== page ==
A tough crowd

Posted: Apr 20, 2006 12:05 AM

OK, that's it. I'm throwing in the towel on saying anything nice about President Bush.

For a year or so, I used public opinion polling data to come up with suggestions along the lines that the president's advisers were pointing their boss in the wrong direction.

Finally, last week, I pointed out many of the good things about Bush's America.

Now, it seems the same conservatives who have cursed me for so long for not "supporting the president" are now equally annoyed at my defense of him.

After last week's column, I received scores of e-mails from around the country. One and only one of them said something positive about the president (or about me).

This tells me two things. First, the conservative base in America has basically given up on the White House, at least temporarily.

Second, the public's mood has grown so surly that writing straight political analysis is no longer safe for my health.

So I'm going to try analyzing and interpreting public opinion in a farcical way. At the least, maybe somebody will get a chuckle out of what seem to be mostly somber circumstances.

Remember though, levity means light-hearted. So if I miss my mark in trying to bring a smile to your face, write it off as a not-so-funny day on my part -- and not as maliciousness.

My sense of humor was shaped by the 1960s television classic "The Beverly Hillbillies." This silly rural comedy, in fact, offered riotous commentary about people and the society they live in.

In marveling at the Bush White House -- where an epic staff "shake-up" has been predicted for weeks -- I've found myself wondering whether we're about to witness the end of the domination of the innocent and kind-hearted Uncle Jed (a.k.a. George Bush) by the slick and obsequious banker Mr. Drysdale (real-time identity dramatically withheld for now).

It's not a bad analogy. After all, Uncle Jed struck oil much the way George W. struck political riches -- by firing a lucky shot in the right place at the right time. And up came a bubbling crude. Power, that is. Texas "P."

Sure enough, since taking the reins, Bush seems to have had the happy-go-lucky attitude of "I know I'm being played, but really I have the upper hand." Just like Jed.

Then there's the brilliant Miss Jane Hathaway (a.k.a. Condoleezza Rice). With her perfectly ordered notebooks and her perfectly enunciated French words, she's goading the newly crowned powerbroker in this direction or that.

And here we have the addle-brained nephew Jethro (a.k.a. Karl Rove). He's always showing up with some new-fangled invention, like a spy hat made out of steel, with which he knocks himself out every time he plunks it onto his head.

But what did Jed care? He recognized the zaniness around him. But he was confident in his own skin and knew he had the resources to do whatever he pleased.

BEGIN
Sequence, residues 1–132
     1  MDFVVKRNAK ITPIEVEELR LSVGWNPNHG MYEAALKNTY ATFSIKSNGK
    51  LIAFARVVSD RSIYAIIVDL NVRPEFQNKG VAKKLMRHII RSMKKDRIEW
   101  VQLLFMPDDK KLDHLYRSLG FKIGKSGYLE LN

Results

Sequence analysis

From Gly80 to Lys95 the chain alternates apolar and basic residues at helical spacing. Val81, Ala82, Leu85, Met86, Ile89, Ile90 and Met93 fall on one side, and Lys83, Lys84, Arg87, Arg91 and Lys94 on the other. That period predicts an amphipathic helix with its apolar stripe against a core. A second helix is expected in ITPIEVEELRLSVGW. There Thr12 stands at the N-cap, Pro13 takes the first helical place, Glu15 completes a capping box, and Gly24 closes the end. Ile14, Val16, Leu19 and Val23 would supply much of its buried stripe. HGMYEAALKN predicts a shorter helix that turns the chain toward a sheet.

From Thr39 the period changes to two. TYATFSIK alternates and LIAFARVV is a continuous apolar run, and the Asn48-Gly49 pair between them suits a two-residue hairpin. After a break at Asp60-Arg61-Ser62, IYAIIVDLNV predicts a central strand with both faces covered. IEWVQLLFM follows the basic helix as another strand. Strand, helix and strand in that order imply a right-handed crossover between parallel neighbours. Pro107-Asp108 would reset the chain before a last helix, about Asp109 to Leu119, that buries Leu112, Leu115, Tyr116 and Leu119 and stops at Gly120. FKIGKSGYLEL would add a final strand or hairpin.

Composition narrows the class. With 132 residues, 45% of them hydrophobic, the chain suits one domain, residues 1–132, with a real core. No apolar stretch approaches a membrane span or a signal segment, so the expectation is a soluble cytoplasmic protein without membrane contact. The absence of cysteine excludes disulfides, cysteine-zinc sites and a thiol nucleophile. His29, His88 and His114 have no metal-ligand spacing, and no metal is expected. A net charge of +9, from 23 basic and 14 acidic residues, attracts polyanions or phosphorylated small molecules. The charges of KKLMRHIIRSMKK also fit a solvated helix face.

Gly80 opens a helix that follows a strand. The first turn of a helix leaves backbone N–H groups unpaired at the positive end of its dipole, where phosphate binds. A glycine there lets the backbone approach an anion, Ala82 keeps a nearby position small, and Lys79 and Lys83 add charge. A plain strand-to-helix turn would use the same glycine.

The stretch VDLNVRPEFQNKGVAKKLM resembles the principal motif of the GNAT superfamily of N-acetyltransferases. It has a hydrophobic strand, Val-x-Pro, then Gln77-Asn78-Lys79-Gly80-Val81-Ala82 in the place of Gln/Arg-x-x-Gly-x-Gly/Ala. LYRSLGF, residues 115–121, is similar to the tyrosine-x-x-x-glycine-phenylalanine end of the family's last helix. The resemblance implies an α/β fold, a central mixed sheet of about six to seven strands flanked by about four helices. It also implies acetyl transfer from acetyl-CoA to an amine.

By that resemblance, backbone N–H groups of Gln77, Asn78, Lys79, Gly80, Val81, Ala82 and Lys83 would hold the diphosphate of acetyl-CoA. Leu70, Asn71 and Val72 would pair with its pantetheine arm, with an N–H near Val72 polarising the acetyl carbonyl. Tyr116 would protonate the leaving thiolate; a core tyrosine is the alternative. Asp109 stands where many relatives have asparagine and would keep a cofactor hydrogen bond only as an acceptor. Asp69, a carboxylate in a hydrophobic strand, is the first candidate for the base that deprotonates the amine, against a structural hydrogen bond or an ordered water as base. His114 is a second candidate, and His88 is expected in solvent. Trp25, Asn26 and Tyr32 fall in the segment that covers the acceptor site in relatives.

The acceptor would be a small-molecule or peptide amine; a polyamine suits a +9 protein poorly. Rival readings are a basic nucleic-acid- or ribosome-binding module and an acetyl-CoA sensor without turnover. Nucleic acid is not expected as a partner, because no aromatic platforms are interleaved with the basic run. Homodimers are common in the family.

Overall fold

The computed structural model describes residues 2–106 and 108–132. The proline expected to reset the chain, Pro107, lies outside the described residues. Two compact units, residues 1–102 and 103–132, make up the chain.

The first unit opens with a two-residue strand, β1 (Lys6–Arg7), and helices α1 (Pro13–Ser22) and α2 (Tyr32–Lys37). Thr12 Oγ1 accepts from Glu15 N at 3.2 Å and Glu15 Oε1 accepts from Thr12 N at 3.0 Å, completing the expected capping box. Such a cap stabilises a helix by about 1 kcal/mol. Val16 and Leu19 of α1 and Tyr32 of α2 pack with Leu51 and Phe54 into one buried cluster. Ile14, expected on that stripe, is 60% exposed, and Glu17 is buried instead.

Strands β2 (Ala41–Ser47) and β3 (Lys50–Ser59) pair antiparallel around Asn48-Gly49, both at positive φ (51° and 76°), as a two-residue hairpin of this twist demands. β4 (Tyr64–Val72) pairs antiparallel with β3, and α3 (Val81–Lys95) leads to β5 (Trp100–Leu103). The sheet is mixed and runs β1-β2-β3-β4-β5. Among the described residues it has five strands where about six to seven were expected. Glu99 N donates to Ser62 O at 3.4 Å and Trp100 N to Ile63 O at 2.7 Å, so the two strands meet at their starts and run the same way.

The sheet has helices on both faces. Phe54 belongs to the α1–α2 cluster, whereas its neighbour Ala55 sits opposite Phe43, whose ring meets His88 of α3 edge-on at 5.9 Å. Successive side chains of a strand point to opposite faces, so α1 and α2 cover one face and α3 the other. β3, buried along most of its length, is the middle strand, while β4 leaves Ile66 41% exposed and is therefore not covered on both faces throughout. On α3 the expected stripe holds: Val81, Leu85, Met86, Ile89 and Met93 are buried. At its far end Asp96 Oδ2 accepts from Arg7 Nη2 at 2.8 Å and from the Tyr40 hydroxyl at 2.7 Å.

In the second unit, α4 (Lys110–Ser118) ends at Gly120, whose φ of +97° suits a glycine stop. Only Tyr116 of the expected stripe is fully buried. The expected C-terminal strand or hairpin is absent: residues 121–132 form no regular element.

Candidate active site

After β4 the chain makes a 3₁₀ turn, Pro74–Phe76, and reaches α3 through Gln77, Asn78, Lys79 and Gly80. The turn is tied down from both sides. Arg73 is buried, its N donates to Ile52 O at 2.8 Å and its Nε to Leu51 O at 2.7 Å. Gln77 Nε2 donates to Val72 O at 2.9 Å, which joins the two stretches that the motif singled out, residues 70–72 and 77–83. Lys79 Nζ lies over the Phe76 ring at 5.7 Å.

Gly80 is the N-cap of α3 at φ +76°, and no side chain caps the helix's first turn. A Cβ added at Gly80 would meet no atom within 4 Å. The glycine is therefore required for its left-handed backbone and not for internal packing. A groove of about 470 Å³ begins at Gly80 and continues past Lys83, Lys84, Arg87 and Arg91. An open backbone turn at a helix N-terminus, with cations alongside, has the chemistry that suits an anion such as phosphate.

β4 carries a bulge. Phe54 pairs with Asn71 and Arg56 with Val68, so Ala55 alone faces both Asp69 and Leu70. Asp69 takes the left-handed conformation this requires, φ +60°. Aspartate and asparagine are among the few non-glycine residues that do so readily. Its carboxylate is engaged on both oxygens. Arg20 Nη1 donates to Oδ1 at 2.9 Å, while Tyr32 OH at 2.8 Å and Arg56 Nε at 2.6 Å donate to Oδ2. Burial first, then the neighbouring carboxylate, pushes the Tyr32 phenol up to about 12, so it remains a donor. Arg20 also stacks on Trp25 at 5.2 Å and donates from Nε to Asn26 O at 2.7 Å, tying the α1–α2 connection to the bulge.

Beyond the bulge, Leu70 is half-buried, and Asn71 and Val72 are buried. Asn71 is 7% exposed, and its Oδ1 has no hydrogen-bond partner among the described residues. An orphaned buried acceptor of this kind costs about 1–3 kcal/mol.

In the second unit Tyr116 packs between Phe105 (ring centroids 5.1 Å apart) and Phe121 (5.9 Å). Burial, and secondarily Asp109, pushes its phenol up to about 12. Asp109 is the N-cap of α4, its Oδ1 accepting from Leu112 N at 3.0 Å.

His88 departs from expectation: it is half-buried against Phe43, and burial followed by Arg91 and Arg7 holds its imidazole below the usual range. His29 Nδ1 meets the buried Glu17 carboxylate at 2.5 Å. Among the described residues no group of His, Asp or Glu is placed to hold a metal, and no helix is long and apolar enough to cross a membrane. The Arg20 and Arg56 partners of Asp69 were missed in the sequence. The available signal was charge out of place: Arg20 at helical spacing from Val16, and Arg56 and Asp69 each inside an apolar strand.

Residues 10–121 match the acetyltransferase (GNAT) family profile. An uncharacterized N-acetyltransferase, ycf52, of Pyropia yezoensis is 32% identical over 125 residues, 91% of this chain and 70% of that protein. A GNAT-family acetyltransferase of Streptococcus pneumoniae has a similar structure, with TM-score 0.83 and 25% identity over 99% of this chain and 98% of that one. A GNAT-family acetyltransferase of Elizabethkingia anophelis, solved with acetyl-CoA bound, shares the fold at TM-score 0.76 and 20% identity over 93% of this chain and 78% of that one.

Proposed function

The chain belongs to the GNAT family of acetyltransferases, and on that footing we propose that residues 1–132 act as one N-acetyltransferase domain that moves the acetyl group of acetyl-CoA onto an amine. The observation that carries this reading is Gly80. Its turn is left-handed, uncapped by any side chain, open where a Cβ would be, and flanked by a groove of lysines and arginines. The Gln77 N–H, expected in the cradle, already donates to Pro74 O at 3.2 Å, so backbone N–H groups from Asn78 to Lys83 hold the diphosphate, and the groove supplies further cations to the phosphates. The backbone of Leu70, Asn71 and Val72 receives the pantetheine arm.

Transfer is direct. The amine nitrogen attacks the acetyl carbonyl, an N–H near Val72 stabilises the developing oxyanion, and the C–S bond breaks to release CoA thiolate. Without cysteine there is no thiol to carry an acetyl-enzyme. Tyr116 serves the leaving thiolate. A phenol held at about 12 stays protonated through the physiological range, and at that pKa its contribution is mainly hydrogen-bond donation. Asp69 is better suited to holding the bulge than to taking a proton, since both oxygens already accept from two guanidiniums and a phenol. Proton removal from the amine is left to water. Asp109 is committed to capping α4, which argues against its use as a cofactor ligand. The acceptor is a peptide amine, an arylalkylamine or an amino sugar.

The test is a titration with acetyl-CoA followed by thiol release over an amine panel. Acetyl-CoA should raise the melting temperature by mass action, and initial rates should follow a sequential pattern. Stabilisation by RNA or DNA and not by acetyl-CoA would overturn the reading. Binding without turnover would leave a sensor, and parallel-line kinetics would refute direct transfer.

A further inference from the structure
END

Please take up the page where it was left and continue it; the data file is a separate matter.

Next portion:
He also knew that crafty captain of industry, the powerful banker Milburn Drysdale, would always be there to steer Jed and his kin back onto the straightaway. Drysdale had that ability to persuade everybody that everything was OK. Especially when it wasn't.

Now. We've identified the modern-day aliases of Jed, Jethro and Miss Jane. But who on the White House grounds could possibly qualify as the political version of that crafty wizard of Wall Street Mr. Drysdale?

Back to that in a minute.

Just in: the unflattering poll results on Jed's popularity in the race for smog commissioner. Again we find our political Clampetts in one of their typically confused and seemingly dire set of circumstances. Luckily, Jed's brilliant campaign manager, Jethro, has concocted a way to divert the public's attention.

"I know, Uncle Jed," says Jethro. "We can nuke that there Iran and get everybody's mind off these bad pollin' numbers!"

"Wee, doggies," Jed replies. "That idea might just be a good 'un, Jethro." And Jed runs to grab his hat, fire up the truck and head downtown to run the concept past Mr. Drysdale.

There's one problem, though. The real power in the Clampett family has, atypically, sat back and watched while Uncle Jed, Jethro and the rest of the clan are led around on a leash by the crafty Drysdale.

In our political revamp of the story, clan boss Granny (a.k.a. Barbara Bush) is no rustic from the hills. While the TV show's Granny sports a shotgun, Matron Barbara wears tasteful pearls and an impeccable blue suit.

But she's still hell on wheels, just like Granny. And she doesn't sit around watching her good and decent kinfolk sink beneath the waves of the "cement pond." By the time Jed has grabbed his hat, Granny has already telephoned Drysdale, yanking him out of an important meeting, and threatened to pull her portion of "political capital" out of his bank.

"Yes, Granny. Yes, ma'am. Fire the press spokesman -- you've got it. Change Jethro's duties -- it's handled. Protect Mr. Clampett -- absolutely. Forget the nuke stuff -- done," he says.

Her phone calls must be considered pretty important, because Drysdale had just been enjoying a fat-chewing session with a pal of his who'd only recently retired from the OK Oil Company with a cool $400 million in his pocket.

"Hathaway," shouts Drysdale. "Get these things done right away!"

"Right, Chief," says the ever-polished and efficient Miss Jane.

"And by the way," Drysdale adds, "get my shotgun for me. You know, the one that shoots in the wrong direction? The one Clampett used to find all that oil in the first place. I'm going hunting with a friend."

"Right, Chief."